A 1,800-year-old burial cave in northern Israel was nearly destroyed after a family building their house failed to report the discovery of antiquities and then tried to cover up the evidence, the Israel Antiquities Authority reported Tuesday.
Responding to a tip, police officers and inspectors from the IAA’s Theft Prevention Unit arrived at a construction site on a private lot in the Mashhad Regional Council, near Kfar Kana in the Galilee. They discovered bulldozers and heavy equipment that had completely destroyed an ancient burial cave carved out of rock, leaving nothing but a burial mound.
“There’s a misconception that if people report discoveries, then it will stop the work and they’ll be delayed, but it’s not necessarily true,” said Nir Distelfeld, supervisor of the IAA Theft Prevention Unit’s’s northern region. “Here, instead of stopping and reporting, they didn’t do that, they were hiding it.”
By the time inspectors arrived at the Mashhad site, one burial cave had been completely destroyed. A pile of large stones in another corner of the lot also looked suspicious, and after asking the managers to remove the pile they found another burial cave hewn into the rock with nine burial mounds. The exterior of that cave was damaged, but at the entrance, inspectors discovered three ossuaries, or intricately carved stone boxes that were used for storing bones.
By law, any antiquities discoveries must be immediately reported to the Israel Antiquities Authority. Distelfeld said the owners of the property will likely be indicted both for failing to report an antiquity discovery and for damaging an antiquity site. Damaging an antiquity site can carry a sentence of up to five years’ jail time, though most judges usually reduce that to a monetary fine. Fines can be upwards of NIS 20,000, he said.
The public can report any antiquities discoveries to the IAA tip line 073-350-7350 or by via the IAA website.
“I’m sure we’re losing a lot of antiquities here because people see things and don’t want to report,” Distelfeld told The Times of Israel. “When you report something, we have the responsibility to go there and check it out as quickly as possible, and we’ll make the minimum delay that’s possible.”
He said most reports of discoveries from private citizens are resolved in a matter of days after archaeologists carry out a survey. In Mashhad, the family will continue to build, now that IAA inspectors have surveyed what was left of the second burial cave.
The IAA also carries out surveys any time a construction project is approved, including new roads or neighborhoods, which is when they can make big discoveries such as an enormous Byzantine wine press in Yavne. But in some cases, people discover antiquities on their land when they are expanding their family’s home or digging new infrastructure.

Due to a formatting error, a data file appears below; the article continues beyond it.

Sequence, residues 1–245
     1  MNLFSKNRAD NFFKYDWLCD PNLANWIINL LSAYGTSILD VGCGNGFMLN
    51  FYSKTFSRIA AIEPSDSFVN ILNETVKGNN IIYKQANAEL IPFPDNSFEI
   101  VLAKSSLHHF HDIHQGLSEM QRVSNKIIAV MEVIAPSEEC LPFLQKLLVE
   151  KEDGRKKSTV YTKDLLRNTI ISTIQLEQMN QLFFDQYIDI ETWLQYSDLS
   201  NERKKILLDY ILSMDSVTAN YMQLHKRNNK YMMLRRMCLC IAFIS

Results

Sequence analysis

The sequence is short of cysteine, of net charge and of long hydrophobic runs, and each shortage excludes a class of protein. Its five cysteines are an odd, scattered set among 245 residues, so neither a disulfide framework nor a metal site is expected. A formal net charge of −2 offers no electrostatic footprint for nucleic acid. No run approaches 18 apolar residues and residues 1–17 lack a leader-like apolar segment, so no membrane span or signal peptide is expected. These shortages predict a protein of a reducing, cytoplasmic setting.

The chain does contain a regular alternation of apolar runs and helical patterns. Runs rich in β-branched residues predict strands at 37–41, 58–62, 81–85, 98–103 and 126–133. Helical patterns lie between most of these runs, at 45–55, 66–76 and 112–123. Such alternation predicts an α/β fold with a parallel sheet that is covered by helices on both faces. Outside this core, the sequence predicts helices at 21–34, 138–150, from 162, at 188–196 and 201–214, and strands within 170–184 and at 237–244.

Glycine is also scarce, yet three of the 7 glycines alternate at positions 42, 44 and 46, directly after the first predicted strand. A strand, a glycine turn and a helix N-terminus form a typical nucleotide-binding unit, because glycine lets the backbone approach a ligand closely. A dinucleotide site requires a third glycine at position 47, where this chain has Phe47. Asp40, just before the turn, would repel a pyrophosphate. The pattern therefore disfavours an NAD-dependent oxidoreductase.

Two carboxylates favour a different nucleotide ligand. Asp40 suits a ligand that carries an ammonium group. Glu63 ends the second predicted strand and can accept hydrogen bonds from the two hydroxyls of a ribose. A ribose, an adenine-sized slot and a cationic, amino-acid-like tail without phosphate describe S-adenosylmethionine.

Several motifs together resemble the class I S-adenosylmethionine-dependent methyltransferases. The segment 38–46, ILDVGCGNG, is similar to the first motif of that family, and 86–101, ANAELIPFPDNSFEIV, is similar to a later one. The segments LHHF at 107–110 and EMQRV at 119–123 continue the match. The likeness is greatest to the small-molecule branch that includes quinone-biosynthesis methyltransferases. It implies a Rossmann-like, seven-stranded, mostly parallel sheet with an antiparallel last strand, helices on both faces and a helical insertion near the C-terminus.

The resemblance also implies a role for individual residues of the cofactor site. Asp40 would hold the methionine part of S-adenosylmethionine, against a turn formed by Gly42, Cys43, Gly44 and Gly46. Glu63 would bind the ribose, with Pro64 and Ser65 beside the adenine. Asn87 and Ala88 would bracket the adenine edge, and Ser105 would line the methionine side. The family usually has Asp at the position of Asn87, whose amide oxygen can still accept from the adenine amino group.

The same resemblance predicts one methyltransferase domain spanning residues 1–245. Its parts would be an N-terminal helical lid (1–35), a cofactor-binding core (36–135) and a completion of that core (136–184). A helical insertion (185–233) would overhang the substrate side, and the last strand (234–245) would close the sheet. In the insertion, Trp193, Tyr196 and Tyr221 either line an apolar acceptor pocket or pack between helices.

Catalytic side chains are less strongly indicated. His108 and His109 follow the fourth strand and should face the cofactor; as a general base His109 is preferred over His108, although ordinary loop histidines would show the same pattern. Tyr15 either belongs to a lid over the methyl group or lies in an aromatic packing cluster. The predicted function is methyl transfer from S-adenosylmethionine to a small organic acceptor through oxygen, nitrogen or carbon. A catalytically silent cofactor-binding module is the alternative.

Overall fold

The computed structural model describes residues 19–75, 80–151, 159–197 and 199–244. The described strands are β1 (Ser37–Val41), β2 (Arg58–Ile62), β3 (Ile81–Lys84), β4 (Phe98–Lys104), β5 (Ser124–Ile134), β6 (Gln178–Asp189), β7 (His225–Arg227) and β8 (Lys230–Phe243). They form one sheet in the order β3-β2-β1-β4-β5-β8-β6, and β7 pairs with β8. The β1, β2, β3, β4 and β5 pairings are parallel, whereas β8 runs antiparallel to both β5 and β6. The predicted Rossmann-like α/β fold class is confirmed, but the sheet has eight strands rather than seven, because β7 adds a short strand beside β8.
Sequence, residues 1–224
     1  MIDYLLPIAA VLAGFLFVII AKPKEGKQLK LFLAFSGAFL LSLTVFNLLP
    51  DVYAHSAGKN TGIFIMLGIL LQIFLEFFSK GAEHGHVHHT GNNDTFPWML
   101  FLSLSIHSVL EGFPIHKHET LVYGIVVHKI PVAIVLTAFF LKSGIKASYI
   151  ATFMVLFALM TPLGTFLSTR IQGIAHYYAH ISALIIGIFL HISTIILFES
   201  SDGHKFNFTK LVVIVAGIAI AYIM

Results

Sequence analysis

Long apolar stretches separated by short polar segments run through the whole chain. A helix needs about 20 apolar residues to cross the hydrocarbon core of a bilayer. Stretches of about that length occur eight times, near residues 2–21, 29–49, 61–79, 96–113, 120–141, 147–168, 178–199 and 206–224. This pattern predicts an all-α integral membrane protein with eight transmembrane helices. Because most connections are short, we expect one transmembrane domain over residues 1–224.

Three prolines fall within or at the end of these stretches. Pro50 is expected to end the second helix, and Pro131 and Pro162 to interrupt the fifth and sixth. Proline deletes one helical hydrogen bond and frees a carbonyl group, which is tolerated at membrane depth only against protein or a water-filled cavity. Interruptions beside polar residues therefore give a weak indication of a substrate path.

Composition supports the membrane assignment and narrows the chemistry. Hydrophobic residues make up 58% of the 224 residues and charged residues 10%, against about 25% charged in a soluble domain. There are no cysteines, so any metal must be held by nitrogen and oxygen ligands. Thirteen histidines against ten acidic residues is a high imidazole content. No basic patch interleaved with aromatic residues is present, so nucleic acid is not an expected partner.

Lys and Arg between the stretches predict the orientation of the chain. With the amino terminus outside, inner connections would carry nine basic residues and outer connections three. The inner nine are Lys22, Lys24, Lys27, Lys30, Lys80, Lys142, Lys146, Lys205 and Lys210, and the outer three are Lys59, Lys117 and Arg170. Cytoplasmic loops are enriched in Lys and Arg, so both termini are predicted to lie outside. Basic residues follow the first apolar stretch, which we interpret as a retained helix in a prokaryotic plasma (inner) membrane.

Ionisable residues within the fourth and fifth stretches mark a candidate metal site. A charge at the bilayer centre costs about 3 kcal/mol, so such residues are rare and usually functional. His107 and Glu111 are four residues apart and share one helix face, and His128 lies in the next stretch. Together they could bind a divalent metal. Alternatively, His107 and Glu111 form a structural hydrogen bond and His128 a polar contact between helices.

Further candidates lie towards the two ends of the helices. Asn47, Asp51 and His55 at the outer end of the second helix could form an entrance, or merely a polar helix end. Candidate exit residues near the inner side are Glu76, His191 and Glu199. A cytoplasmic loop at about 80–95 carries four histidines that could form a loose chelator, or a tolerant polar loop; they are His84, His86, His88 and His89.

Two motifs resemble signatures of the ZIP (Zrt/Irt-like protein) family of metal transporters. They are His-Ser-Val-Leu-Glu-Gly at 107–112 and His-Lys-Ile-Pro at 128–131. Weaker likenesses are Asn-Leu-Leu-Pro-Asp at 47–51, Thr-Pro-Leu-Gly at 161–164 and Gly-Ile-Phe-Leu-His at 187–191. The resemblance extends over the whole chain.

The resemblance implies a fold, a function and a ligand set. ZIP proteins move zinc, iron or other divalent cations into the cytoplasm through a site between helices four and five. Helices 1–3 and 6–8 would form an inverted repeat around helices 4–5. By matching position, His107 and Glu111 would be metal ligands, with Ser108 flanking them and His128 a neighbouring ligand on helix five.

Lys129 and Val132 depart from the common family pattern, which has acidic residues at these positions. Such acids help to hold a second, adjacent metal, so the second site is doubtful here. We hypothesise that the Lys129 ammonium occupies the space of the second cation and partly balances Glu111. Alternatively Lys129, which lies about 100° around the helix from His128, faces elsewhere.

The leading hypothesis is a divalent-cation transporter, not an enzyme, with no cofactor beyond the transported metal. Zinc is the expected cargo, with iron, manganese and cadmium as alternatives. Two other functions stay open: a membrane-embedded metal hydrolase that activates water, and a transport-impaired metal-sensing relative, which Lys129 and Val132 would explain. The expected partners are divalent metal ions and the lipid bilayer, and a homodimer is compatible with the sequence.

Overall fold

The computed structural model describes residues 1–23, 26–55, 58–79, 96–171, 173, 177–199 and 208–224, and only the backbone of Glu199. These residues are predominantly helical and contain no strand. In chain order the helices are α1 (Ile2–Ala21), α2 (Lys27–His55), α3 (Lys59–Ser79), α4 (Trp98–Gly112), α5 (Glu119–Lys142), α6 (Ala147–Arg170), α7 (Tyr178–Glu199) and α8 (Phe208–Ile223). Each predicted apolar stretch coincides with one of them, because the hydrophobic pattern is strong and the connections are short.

Distelfeld, who has worked with the IAA for 23 years, does not think the family involved was purposefully trying to rob the site of antiquities, but rather trying to avoid construction delays. The three ossuaries discovered were moved from their original spot.
“We don’t know if there was theft. My feeling is that I think there was an attempt, but they didn’t do it,” said Distelfeld. “I think they started moving [the ossuaries] and then they regretted it, and left them there.”
Rectangular, soft limestone ossuaries were used widely for Jewish burials in Israel starting about 100 BCE. Ancient factories, mostly around Jerusalem, made the ossuaries for local burials. After the Bar Kokhba revolt, when many Jews moved north to the Galilee, they brought the practice with them.
The tops of the ossuaries had carvings influenced by Greek culture, including a circular wreath that likely symbolized victory over death, according to Eitan Klein, deputy director of the IAA’s Theft Prevention Unit.
“The discovery of carved stone ossuaries in the cave in the village of Mashhad indicates the presence of Jewish settlement in the area in the second and third centuries,” said Klein.
Archaeologists discovered other items inside the burial cave, including glass vessels and beads, and clay candleholders.
“We will never know what that burial cave that was destroyed looked like – and everything inside is gone,” said Amir Ganon, director of the Theft Prevention Unit. “Cultural assets nearly 2,000 years old were lost forever.”